geology

Calvert Marine Museum Easter Egg Hunt

Calvert Marine Museum Easter Egg Hunt

We finally visited the Calvert Marine Museum at Solomons Island for the annual Easter Egg Hunt for our 3 year old.  First of all the Museum is first rate, with a great mix of boats, live bay animals, indoor/outdoor, geology and fossils.  You could easily spend 2 hours for your $7 adult (under 5 free) entrance fee.  The Easter Egg “Hunt” was very well attended with maybe 100 kids of all ages.  The eggs (5 per child) contained small fossils that the the staff labeled for the little ones to take home.  I suggest showing up just before the 10:30 scheduled time to minimize your child’s wait in the auditorium.  It was a 10 minute wait to get in but the hunt started late anyway.  After 10-15 minutes on the hunt there is plenty of time to tour.

A lot more here at Calvert Marine Museum, link to map, and some pictures from our visit.

Ancient asteroid helped shape beautiful bay?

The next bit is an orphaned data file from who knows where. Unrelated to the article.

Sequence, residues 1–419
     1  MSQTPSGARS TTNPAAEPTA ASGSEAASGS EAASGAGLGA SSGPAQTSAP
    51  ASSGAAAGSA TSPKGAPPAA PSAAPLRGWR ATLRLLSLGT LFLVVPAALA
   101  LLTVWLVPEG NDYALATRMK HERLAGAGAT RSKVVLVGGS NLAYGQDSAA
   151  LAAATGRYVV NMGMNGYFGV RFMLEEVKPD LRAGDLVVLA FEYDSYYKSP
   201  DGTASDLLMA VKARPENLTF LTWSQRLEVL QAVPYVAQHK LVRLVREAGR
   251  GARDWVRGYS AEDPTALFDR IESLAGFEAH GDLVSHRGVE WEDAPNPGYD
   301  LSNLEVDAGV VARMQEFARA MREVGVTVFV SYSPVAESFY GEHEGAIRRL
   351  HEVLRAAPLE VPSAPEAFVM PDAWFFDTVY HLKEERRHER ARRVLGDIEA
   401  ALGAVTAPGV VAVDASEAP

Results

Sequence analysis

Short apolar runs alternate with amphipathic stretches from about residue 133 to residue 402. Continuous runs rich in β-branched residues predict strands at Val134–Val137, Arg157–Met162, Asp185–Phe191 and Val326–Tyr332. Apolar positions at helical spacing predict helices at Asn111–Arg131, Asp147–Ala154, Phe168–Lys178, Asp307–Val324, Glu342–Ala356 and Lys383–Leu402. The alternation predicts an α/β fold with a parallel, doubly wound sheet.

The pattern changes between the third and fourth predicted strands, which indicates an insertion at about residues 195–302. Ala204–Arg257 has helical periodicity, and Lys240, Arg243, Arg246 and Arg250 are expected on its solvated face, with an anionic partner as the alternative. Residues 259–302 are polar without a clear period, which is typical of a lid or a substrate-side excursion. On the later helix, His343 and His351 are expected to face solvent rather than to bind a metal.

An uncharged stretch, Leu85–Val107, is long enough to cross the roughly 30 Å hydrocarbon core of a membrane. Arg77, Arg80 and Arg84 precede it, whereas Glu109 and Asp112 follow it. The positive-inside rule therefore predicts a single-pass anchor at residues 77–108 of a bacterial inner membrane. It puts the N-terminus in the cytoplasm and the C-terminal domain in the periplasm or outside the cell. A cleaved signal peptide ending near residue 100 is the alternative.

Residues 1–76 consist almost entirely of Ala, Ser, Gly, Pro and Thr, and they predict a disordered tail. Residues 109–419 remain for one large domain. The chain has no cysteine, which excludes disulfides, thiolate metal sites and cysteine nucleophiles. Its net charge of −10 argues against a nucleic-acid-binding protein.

Ancient asteroid helped shape beautiful bay?

One of my surprise discoveries a few years ago was that there is a giant impact crater under the lower part of the bay.  Some 35 million years ago some 1 mi + wide object (a bolide) hit where the lower bay is today.  One of the best web sites on the subject is here at virginiaplaces.org, here is a key excerpt on how the bolide helped shape the bay even though the bay is much, much newer:

Over the last 35 million years, as the Appalachian Mountains have eroded and the Coastal Plain sediments extended eastward, the impact crater was buried under 1,500 feet of sediments.3 The zone of weakened rock may have shaped the direction of the Susquehanna River and James River as they carved their channels to the Atlantic Ocean, ultimately affecting the location of the Chesapeake Bay. However, the bolide did NOT blast out the current basin of the Chesapeake Bay. The bay formed much more recently over the last 10,000 or so years, as sea levels rose and flooded the valleys of the Susquehanna and James rivers. However, the location of those river channels and the modern Chesapeake Bay appears to be affected by the much-older depression created by the bolide. For the last 35 million years, sediments deposited in the crater have continued to subside and maintain a continuous low spot in the crust of the earth.